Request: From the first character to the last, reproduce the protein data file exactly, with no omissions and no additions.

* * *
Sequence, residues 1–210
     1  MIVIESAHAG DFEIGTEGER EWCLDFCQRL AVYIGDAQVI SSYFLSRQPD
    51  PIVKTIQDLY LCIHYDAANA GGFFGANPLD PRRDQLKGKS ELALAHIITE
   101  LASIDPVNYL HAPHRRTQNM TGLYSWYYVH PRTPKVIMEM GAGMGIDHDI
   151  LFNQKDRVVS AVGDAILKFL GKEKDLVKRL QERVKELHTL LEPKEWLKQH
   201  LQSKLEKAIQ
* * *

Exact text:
Sequence, residues 1–210
     1  MIVIESAHAG DFEIGTEGER EWCLDFCQRL AVYIGDAQVI SSYFLSRQPD
    51  PIVKTIQDLY LCIHYDAANA GGFFGANPLD PRRDQLKGKS ELALAHIITE
   101  LASIDPVNYL HAPHRRTQNM TGLYSWYYVH PRTPKVIMEM GAGMGIDHDI
   151  LFNQKDRVVS AVGDAILKFL GKEKDLVKRL QERVKELHTL LEPKEWLKQH
   201  LQSKLEKAIQ